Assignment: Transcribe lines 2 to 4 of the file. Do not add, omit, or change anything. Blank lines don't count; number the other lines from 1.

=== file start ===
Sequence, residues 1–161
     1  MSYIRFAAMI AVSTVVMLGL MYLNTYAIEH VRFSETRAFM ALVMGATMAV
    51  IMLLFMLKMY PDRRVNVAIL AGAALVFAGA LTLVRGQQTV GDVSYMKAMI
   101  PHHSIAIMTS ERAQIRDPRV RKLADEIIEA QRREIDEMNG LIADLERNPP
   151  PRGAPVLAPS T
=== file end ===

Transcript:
     1  MSYIRFAAMI AVSTVVMLGL MYLNTYAIEH VRFSETRAFM ALVMGATMAV
    51  IMLLFMLKMY PDRRVNVAIL AGAALVFAGA LTLVRGQQTV GDVSYMKAMI
   101  PHHSIAIMTS ERAQIRDPRV RKLADEIIEA QRREIDEMNG LIADLERNPP